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The Sport Information Resource Centre

Skate Canada – OTTAWA, ON: Canadian skaters Liam Firus, Julianne Séguin and Charlie Bilodeau have withdrawn from the 2016 ISU World Figure Skating Championships. The event is scheduled to take place form March 28 – April 3, 2016 in Boston, MA, USA.

In the men’s category Liam Firus, 23, North Vancouver, B.C., has withdrawn. “Making this decision was extremely difficult. However, I feel that withdrawing from the World Championships is vital for our team,” said Firus.

Nam Nguyen, 17, Toronto, Ont., will replace Firus on the Canadian Team.

“My teammates Patrick Chan and Nam Nguyen are among the top men in the world. I have full faith in their abilities. This decision is about performance and giving our country the best opportunity to obtain three spots for the World Championships next year,” explained Firus. “I am extremely proud of the strides I’ve made this year; skating truly is a passion of mine. I look forward to coming back even stronger next season to help Canada obtain the three spots needed for the 2018 Olympic Winter Games.”

Skate Canada’s High Performance Director Mike Slipchuk added, “I have a lot of respect for Liam and his decision on Worlds.  We have confidence in Liam being a strong part of our team leading to 2018.”

In pairs Julianne Séguin, 19, Longueuil, Que., sustained a minor injury in training earlier this year causing the withdrawl of her and partner Charlie Bilodeau, 22, Trois-Pistoles, Que.

“Due to injury last month, which is not fully healed, Charlie and I had to make a heartbreaking decision to not participate at Worlds. We missed a lot of practices and during competition we want to give our best for our satisfaction and for the people around us. We are unfortunately not ready for this event. We will take the time to heal and work to come back stronger for the future. We want to thank everyone for their support,” explained Séguin.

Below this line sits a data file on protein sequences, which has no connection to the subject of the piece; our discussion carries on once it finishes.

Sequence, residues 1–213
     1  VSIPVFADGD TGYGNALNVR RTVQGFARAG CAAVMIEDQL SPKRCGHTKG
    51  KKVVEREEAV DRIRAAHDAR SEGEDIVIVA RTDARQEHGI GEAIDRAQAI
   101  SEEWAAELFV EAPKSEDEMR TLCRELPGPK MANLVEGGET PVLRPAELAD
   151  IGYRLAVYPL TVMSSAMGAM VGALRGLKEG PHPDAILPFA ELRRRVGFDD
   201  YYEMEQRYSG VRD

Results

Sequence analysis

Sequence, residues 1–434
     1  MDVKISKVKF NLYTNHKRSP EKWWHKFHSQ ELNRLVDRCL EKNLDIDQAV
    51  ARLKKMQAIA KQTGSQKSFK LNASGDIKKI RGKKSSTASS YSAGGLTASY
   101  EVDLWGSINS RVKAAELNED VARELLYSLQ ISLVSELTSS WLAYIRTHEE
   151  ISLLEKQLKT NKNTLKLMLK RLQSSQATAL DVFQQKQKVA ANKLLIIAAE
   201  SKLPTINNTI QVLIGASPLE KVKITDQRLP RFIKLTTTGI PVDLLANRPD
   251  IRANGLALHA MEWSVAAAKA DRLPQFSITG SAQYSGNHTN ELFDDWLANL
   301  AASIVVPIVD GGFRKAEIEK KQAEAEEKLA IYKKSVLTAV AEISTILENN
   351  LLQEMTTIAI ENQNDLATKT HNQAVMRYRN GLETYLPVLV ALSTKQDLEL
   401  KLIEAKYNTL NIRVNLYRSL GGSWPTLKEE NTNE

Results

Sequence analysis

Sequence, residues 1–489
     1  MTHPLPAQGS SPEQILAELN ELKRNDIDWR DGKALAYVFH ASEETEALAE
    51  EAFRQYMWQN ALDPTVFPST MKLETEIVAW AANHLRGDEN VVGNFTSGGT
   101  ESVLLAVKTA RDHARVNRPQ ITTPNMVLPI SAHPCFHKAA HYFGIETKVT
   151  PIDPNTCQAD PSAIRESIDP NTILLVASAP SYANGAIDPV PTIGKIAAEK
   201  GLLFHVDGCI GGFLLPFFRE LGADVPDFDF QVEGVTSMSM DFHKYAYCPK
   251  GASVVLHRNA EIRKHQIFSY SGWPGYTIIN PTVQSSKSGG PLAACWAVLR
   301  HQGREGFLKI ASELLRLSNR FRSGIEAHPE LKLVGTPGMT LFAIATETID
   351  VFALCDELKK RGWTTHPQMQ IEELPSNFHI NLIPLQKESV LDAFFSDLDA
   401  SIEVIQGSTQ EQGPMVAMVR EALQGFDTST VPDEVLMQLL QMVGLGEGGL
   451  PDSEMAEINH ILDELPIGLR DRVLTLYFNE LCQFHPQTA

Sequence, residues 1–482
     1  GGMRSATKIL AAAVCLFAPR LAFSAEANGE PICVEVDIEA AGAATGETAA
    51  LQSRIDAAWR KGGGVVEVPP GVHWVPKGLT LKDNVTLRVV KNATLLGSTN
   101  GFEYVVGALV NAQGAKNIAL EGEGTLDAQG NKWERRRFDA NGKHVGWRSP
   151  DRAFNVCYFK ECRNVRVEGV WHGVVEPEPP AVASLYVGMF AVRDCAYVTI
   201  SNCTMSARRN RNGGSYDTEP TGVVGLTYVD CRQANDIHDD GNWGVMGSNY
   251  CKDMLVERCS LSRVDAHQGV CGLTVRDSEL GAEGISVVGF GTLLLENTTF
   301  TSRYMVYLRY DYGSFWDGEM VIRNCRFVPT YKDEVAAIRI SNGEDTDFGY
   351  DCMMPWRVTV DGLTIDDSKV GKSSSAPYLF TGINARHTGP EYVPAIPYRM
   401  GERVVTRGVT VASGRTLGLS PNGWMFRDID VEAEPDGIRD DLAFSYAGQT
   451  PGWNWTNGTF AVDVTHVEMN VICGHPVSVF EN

Séguin and Bilodeau will be replaced by Kirsten Moore-Towers, 23, St. Catharines, Ont., and Michael Marinaro, 24, Sarnia, Ont.

“Julianne and Charlie have had a great season this year and it is unfortunate they won’t be able to compete at Worlds. Full recovery for Julianne is the priority and they will return stronger for next season,” said Slipchuk.

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Skate Canada is the nation’s governing body for competitive figure skating and is dedicated to creating a nation of skaters, both recreationally and competitively. Over 125 years old, Skate Canada is the world’s oldest skating organization and Canada’s preeminent leader in skating instruction and education. Over 130,000 Canadians participate in Skate Canada educational programs each year, including our flagship CanSkate program that teaches beginners of every age the basic skills of skating and fundamental movements.

As one of Canada’s most successful governing sport bodies, Skate Canada athletes have won 25 Olympic medals and 32 world championships. Today’s Canadian world and Olympic medalists all began at one of our 1,200 local Skate Canada clubs or skating schools. Through our programs, more than 5,500 certified professional coaches encourage Canadians of all ages to skate together as a family, pursue competitive ice sports and enjoy an active lifestyle.

Skate Canada has a National Service Centre in Ottawa, marketing headquarters in Toronto and high performance facilities in Toronto and Calgary.

For Information:

Emma Bowie
Communications Manager
+1 (613) 747-1007 ext. 2547
ebowie@skatecanada.ca